Leigh Hunt: The devilish drouth of the cannon’s ever-gaping mouth
From Power and Gentleness
I’ve thought, at gentle and ungentle hour.
Of many an act and giant shape of power…
And then of all the fierce and bitter fruit
Of the proud planting of a tyrannous foot,-
Of bruised rights, and flourishing bad men,
And virtue wasting heavenwards from a den;
Brute force, and fury; and the devilish drouth
Of the fool cannon’s ever-gaping mouth;
And the bride-widowing sword; and the harsh bray
The sneering trumpet sends across the fray;
And all which lights the people-thinning star
That selfishness invokes, – the horsed war.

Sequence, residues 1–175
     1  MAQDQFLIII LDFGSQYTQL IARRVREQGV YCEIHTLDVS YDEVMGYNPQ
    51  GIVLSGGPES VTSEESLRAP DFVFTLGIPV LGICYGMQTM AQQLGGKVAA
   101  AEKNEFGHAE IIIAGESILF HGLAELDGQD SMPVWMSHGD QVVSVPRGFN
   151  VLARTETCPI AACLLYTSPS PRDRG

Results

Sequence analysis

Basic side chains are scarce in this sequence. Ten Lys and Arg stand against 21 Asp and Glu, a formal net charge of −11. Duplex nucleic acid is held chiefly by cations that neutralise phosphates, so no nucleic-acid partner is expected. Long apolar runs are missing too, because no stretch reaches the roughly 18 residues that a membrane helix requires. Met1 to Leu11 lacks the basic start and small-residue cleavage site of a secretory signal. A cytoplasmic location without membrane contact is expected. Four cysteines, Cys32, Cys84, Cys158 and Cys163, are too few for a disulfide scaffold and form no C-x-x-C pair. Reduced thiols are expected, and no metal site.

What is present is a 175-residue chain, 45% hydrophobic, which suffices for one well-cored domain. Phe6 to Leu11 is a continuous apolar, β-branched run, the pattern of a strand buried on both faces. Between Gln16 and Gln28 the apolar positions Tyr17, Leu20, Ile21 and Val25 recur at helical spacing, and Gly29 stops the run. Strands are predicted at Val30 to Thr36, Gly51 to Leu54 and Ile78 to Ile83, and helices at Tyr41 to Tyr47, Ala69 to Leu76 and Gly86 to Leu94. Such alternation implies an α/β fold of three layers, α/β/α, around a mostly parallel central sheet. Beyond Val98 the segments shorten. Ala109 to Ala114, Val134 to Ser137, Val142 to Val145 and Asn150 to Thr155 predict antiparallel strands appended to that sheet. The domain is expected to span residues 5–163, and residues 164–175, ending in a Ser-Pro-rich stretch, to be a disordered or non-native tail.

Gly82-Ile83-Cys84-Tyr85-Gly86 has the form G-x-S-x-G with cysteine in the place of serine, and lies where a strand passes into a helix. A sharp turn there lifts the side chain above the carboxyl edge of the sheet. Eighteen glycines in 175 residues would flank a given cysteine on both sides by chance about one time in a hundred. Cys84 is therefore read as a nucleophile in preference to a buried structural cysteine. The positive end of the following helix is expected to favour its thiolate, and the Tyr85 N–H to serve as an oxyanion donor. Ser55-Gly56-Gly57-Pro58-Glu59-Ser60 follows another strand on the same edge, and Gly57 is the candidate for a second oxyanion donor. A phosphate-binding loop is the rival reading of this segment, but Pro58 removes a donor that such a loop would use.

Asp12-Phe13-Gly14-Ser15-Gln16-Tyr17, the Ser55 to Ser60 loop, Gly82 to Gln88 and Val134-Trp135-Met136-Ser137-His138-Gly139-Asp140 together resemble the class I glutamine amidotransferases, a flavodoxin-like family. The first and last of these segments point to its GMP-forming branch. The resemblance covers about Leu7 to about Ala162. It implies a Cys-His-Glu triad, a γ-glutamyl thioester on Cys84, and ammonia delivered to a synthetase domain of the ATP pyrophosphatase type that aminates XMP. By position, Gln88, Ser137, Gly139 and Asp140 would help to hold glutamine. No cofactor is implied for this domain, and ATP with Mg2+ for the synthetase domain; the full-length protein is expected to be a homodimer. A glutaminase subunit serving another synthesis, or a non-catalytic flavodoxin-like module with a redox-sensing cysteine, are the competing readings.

Panting along with many a bloody mane. –
I’ve thought of all this pride, and all this pain,
And all the insolent plenitudes of power,
And I declare, by this most quiet hour,
Which holds in different tasks by the fire-light
Me and my friends here, this delightful night.
That Power itself has not one half the might
Of Gentleness. ‘Tis want to all true wealth;
The uneasy madman’s force, to the wise health;
Blind downward beating, to the eyes that see;
Noise to persuasion, doubt to certainty;
The consciousness of strength in enemies,
Who must be strain’d upon, or else they rise;
The battle to the moon, who all the while.
High out of hearing, passes with her smile;
The tempest, trampling in his scanty run,
To the whole globe, that basks about the sun;
Or as all shrieks and clangs, with which a sphere.
Undone and fired, could rake the midnight ear,
Compared with that vast dumbness nature keeps
Throughout her starry deeps,
Most old, and mild, and awful, and unbroken.
Which tells a tale of peace beyond whate’er was spoken.